Warner
Gillespie

Solid Dem
Alaska
D
Begich
Running
Begich
Sullivan
Dem +5
Lean Dem
Michigan
D
Levin
Retiring
Peters
Land
Dem +4
Lean Dem
North Carolina
D
Hagan
Running
Hagan
Tillis
Dem +2
Tossup Dem
Colorado
D
Udall
Running
Udall
Gardner
Dem +1
Tossup Dem
Louisiana
D
Landrieu
Running
Landrieu
Cassidy
Dem +1
Tossup Dem
Iowa
D
Harkin
Retiring
Braley
Ernst
Dem+0.2
Tossup Dem
Georgia
R
Chambliss
Retiring
Nunn
Perdue
Rep +1
Tossup Rep
Arkansas
D
Pryor
Running
Pryor
Cotton
Rep +3
Tossup Rep
Kentucky
R
McConnell
Running
Grimes
McConnell
Rep +3
Tossup Rep
Alabama
R
Sessions
Running
none
Sessions

Solid Rep
Idaho
R
Risch
Running
Mitchell
Risch

Solid Rep
Kansas
R
Roberts
Running
Taylor
Roberts

Solid Rep
Maine
R
Collins
Running
Bellows
Collins

Solid Rep
Mississippi
R
Cochran
Running
Childers
Cochran

Solid Rep
Montana
D
    Walsh
Retiring
        Curtis
Daines

Solid Rep
Nebraska
R
Johanns
Retiring
Domina
Sasse

Solid Rep
Oklahoma
R
Inhofe
Running
Silverstein
Inhofe

Solid Rep
Oklahoma
R
Coburn
Retiring
Johnson
Lankford

Solid Rep
South Carolina
R
Graham
Running
Hutto
Graham

Solid Rep
South Carolina
R
Scott
Running
Dickerson
Scott

Solid Rep
South Dakota
D
Johnson
Retiring
Weiland
Rounds

Solid Rep
Tennessee
R
Alexander
Running
Ball
Alexander

Solid Rep
Texas
R
Cornyn
Running
Alameel
Cornyn

Solid Rep
West Virginia
D
Rockefeller
Retiring
Tennant
Capito

Solid Rep
Wyoming
R
Enzi
Running
Hardy
Enzi

Solid Rep

BATTLEGROUND STATES

Here is a brief review of the nine battleground Senate elections in 2014:

·        AlaskaDemocratic incumbent Mark Begish will likely face former Attorney General Daniel S. Sullivan, who won the August 19 primary.  Sullivan has a reasonably healthy lead over other GOP contenders in recent polls.  There has been little head-to-head polling to date between Begich and Sullivan, but the last three polls on average have Begish up by 5 points.  Lean Democrat.

·        Arkansas:  Democratic incumbent Mark Pryor will face Representative Tom Cotton in a red state the GOP considers among the most likely for it to swipe. Cotton’s lead has narrowed in the past month and this one is now a toss-up, still in the GOP column.  Toss-up Republican.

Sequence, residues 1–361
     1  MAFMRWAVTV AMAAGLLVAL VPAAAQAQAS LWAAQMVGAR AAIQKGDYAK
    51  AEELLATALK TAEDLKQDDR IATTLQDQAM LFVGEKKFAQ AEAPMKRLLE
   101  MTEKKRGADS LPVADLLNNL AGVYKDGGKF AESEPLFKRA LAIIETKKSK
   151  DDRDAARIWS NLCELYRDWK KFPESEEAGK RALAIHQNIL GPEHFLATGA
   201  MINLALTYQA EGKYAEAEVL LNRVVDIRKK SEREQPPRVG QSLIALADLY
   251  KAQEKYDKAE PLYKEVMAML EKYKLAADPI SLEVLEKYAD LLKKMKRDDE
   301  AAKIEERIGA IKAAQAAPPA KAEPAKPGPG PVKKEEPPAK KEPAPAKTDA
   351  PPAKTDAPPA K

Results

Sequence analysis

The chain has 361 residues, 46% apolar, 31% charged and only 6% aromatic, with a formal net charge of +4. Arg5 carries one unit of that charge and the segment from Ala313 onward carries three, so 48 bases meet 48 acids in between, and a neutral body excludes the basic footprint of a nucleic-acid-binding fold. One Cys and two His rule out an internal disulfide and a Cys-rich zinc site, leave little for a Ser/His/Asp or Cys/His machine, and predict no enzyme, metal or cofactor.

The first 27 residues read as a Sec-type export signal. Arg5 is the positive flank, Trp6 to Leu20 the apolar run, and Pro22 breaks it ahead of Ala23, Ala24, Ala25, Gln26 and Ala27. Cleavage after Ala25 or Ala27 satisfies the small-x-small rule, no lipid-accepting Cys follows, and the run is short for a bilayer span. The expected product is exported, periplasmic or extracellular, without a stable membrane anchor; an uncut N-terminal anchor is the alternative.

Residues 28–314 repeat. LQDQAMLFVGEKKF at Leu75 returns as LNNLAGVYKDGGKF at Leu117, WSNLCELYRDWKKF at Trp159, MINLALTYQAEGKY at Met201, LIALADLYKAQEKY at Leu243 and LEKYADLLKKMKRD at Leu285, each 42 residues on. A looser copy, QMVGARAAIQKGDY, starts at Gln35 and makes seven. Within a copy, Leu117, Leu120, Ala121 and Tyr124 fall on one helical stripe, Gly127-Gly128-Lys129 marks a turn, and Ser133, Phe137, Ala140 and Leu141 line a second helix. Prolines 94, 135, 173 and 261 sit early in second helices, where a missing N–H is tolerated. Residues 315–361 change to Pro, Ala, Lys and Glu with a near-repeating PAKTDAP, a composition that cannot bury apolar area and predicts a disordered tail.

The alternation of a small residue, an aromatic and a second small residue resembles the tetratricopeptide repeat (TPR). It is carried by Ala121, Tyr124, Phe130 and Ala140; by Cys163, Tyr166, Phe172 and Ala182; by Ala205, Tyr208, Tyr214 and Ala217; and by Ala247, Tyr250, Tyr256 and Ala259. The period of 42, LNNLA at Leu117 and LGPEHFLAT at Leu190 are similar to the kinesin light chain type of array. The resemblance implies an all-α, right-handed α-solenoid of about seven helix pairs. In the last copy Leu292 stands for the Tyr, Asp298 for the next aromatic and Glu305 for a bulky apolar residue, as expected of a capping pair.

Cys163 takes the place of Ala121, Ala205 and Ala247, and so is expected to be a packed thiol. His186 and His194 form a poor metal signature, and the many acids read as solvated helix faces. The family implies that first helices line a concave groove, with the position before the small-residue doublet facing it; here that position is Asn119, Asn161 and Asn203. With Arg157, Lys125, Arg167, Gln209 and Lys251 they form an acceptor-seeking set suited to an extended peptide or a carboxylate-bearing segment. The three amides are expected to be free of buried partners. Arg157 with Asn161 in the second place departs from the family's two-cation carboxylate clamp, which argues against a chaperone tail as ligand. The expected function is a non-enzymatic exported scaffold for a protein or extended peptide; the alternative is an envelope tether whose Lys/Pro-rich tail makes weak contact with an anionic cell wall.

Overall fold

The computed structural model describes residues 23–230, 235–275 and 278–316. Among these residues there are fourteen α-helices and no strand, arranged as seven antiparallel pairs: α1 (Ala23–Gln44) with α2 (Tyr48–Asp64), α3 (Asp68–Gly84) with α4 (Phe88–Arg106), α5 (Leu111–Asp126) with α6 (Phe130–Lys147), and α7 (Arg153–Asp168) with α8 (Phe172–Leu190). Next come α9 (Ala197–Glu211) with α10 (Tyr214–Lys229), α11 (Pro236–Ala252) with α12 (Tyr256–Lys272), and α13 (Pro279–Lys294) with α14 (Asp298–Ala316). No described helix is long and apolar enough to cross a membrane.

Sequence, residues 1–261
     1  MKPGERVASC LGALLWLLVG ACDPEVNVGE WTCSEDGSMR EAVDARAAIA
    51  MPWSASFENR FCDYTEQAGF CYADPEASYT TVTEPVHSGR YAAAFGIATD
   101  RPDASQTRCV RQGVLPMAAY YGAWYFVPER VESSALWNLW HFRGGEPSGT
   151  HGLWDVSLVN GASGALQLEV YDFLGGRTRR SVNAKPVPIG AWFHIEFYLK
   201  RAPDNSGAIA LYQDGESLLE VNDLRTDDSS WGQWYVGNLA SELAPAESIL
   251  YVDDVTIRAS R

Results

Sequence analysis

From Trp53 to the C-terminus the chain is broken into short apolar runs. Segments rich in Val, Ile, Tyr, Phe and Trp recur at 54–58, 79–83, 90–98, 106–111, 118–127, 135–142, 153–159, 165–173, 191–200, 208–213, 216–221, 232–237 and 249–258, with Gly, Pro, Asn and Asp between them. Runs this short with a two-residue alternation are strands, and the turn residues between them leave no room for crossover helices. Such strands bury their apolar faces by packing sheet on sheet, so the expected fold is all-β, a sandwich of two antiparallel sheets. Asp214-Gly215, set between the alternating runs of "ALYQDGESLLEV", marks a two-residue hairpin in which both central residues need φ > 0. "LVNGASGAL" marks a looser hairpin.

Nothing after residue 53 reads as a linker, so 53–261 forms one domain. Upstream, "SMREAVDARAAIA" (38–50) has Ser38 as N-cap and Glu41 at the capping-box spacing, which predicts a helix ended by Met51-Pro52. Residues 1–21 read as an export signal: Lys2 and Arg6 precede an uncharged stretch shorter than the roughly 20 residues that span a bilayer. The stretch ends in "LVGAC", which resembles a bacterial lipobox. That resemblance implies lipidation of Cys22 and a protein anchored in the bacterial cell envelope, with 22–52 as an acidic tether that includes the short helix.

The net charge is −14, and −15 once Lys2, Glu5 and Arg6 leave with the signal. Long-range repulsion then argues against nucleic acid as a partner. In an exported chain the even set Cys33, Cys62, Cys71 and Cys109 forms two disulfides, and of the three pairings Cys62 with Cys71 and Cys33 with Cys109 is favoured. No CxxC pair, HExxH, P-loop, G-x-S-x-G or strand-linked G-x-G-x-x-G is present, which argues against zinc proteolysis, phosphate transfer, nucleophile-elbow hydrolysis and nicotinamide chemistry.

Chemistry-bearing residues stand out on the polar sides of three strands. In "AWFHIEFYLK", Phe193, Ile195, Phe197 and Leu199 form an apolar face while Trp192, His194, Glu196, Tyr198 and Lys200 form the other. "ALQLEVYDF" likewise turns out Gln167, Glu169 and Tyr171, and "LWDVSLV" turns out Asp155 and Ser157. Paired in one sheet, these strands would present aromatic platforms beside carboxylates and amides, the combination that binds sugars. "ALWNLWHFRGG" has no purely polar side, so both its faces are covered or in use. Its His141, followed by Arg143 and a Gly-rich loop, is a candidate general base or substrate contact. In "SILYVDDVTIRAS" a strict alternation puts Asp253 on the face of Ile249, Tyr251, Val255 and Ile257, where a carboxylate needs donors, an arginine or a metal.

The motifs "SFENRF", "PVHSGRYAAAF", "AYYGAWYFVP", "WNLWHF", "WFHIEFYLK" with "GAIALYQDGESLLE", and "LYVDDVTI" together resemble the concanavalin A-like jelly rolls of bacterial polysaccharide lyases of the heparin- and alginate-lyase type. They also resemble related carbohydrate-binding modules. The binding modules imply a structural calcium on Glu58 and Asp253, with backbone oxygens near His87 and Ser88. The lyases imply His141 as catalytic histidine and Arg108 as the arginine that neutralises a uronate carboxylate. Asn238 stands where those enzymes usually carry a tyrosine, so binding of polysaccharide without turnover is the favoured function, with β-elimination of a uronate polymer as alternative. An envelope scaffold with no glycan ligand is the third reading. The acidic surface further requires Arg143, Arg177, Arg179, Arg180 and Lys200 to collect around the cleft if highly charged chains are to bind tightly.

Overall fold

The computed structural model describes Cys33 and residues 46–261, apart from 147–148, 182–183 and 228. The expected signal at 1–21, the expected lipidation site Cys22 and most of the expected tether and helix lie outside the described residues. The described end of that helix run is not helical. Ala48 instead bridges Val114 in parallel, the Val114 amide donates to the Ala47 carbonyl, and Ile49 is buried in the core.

·        Colorado. Incumbent Democrat Mark Udall is being challenged by Republican Representative Cory Gardner.  There has been no polling in August, and Pryor holds a slight edge on average from five July polls.  Toss-up Democrat.

·        Georgia:  As noted above, Republican David Perdue has a slim lead over Democrat Michelle Nunn. I flipped this to the GOP based on recent polling but this one remains extremely close. Toss-up Republican.

·        Iowa:  As noted, Democratic Representative Bruce Braley is in a tough race to inherit the seat currently held by retiring Democrat Tom Harkin, with a microscopic lead over State Senator Joni Ernst.  Tossup Democrat.

·        KentuckySenate Minority Leader Mitch McConnell continues to struggle to put away Democratic Secretary of State Alison Lunderman Grimes, but he appears to have established minor momentum and a three-point lead.  That lead is still within the margin of error, so this race is still a toss-up.  I will be shocked if McConnell loses, though.  Toss-up Republican.

·        Louisiana:  Democratic incumbent Mary Landrieu is embroiled in a back-and-forth race with GOP challenger Representative Bill Cassidy.  Louisiana has an odd format…Election Day is more or less an open primary, requiring the winner to attain at least 50% of the vote to avoid a runoff.  Landrieu may win the election but be forced into the runoff, and head-to-head she is only a point ahead of Cassidy, on average, in three polls in June/July (no new polls in August).  And if, on election night, the GOP is up 50-49 and neither Louisianan achieves 50%, we will all have our eyes glued on the run-off to see which party takes the Senate; the run-off will be on December 6, 2014Toss-up Democrat.

·        MichiganDemocratic Representative Gary Peters’ has a decent lead over former Secretary of State Terri Lynn Land in the race to replace retiring Democratic incumbent, Carl Levin.   There have been many polls here, 10 in the last two months, and Peters has led in nine of them.  Lean Democrat.

·        North Carolina:  Democratic incumbent Kay Hagan continues to lead a very close race with Thom Tillis, Speaker of the North Carolina House of Representatives, holding on to a two-point lead.  Toss-up Democrat.

I have the Democrats up 51-49, but, with seven toss-up races, any outcome including GOP control is still a possibility.  And now as we celebrate Labor Day, let the games begin in earnest.